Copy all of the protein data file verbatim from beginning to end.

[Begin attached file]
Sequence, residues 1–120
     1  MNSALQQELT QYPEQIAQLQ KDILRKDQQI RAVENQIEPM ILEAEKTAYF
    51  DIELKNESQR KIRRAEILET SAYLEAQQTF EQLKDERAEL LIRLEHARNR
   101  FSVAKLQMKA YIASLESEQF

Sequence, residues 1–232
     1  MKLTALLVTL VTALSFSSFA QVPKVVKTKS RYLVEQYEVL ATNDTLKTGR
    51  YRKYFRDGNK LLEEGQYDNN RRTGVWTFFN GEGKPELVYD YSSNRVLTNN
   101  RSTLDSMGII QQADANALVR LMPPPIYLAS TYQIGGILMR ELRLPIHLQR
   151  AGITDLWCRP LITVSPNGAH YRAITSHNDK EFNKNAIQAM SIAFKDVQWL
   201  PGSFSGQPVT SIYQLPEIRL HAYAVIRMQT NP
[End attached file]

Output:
Sequence, residues 1–120
     1  MNSALQQELT QYPEQIAQLQ KDILRKDQQI RAVENQIEPM ILEAEKTAYF
    51  DIELKNESQR KIRRAEILET SAYLEAQQTF EQLKDERAEL LIRLEHARNR
   101  FSVAKLQMKA YIASLESEQF

Sequence, residues 1–232
     1  MKLTALLVTL VTALSFSSFA QVPKVVKTKS RYLVEQYEVL ATNDTLKTGR
    51  YRKYFRDGNK LLEEGQYDNN RRTGVWTFFN GEGKPELVYD YSSNRVLTNN
   101  RSTLDSMGII QQADANALVR LMPPPIYLAS TYQIGGILMR ELRLPIHLQR
   151  AGITDLWCRP LITVSPNGAH YRAITSHNDK EFNKNAIQAM SIAFKDVQWL
   201  PGSFSGQPVT SIYQLPEIRL HAYAVIRMQT NP